Whiteface's Adirondack style on Lake Placid sets the scene for camplike friendliness, relaxing recreation and an award-winning restaurant. Jane Ammeson
Lake Placid's smooth surface reflects the Adirondacks surrounding the four-mile-long body of water. Only the dip of my paddle disturbs the image as I kayak along the shoreline while the sharp citrus-like smell of the trees adds a touch of natural aromatherapy.
In the distance I can hear faint sounds of children playing croquet on the lawn of the Canoe Club, the private lakeshore beach owned by the Whiteface Lodge in Lake Placid, N.Y.
It reminds me of summer camps long past, but mixed with luxuries those never had.
The lodge, in keeping with this north woods ambience, is all Adirondack style. An on-site craftsperson creates birch bark mirrors and tree limb tables. Antler chandeliers hang from ceilings, and moose and elk heads along with wooden canoes, oars and snowshoes adorn the walls. Even the spa eschews the typical Asian theme, instead evoking a gentle woodsy feel.
Near the ice skating rink and tennis courts, three-sided lean-tos, luxe versions of the shelters built on mountain trails for weary and stranded travelers, are a place to sip a cocktail.
There's a Girl Scout-camp friendliness I've noticed in the short time here.
On my first night, I was walking on the garden paths and listening to the cicadas and the occasional hoot of an owl when a family making s'mores at the fire pit asked me if I wanted to join in. The next day, a pharmacist who was at the outdoor pool with her three young children offered to bring back some Adirondack Creamery Ice Cream from the lodge's old-fashioned ice cream parlor so I could enjoy it while sitting under the shade of an umbrella and reading my book.
During the lodge's one-hour pontoon cruise on Lake Placid, I might have discovered the root of this gentility: the century-old Grand Camps, compound-like retreats for the wealthy designed in an Adirondack architectural style.
They date back to the 1870s when families like the Vanderbilts first starting coming to the mountains on private railroad cars, bringing with them their friends and, of course, servants. The word "grand" almost doesn't seem superlative enough; some of these compounds boast more than 10 buildings often connected by walkways with boat access.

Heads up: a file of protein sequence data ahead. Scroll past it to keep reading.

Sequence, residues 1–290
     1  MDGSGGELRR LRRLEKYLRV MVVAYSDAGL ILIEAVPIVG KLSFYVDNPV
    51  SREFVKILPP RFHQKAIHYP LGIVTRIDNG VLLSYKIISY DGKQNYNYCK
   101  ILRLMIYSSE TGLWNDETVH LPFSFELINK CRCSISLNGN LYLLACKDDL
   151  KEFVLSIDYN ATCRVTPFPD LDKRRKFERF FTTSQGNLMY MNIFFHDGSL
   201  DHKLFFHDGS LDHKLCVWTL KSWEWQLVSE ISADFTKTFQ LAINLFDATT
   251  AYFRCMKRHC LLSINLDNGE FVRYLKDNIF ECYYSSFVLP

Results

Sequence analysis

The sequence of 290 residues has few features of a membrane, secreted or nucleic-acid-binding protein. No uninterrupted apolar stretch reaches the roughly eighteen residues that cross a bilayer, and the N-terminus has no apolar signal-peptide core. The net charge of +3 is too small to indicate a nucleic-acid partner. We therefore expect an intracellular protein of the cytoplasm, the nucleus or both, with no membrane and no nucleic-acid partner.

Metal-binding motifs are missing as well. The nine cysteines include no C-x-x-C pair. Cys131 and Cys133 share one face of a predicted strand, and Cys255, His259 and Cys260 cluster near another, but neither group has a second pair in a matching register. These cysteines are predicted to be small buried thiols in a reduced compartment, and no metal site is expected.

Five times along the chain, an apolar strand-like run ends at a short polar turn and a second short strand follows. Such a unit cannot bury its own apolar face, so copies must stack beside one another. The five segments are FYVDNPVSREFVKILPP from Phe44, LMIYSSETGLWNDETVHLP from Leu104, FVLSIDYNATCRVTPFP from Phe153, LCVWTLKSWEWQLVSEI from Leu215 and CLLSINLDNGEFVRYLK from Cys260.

The Vanderbilts would have approved of Kanu, the lodge's Wine Spectator Award of Excellence-winning, two-story restaurant, with its massive double-sided fireplace, stone walls and timber-beamed ceilings.
The restaurant's menu features items that might, if the hunting and foraging went just right, be served on a backwoods trail, albeit one with a gourmet twist. Wild mushrooms are paired with gnocchi and foie gras, salmon is smoked with pastrami spices, and there's roast rack of boar served with whole grain honey mustard mashed potatoes and duck breast in a New York maple cumin glaze.
Of course, the camping experience demands eating outdoors. I particularly remember, with a shudder even after all these years, a stew made in an old coffee can over an open fire at Camp Potawatomi in Northern Indiana. Thank goodness my outdoor meal at Whiteface Lodge is on the terrace of Kanu with its view of McKenzie Mountain instead of the algae-covered Tippecanoe River.
The service is spectacular, from the extra whipped cream on my berry shortcake to a map brought to me by a helpful waiter showing the way to the ferry for my trip home the next day.
Whiteface Lodge isn't my own private Grand Camp, but really, could the Vanderbilts have had it any better?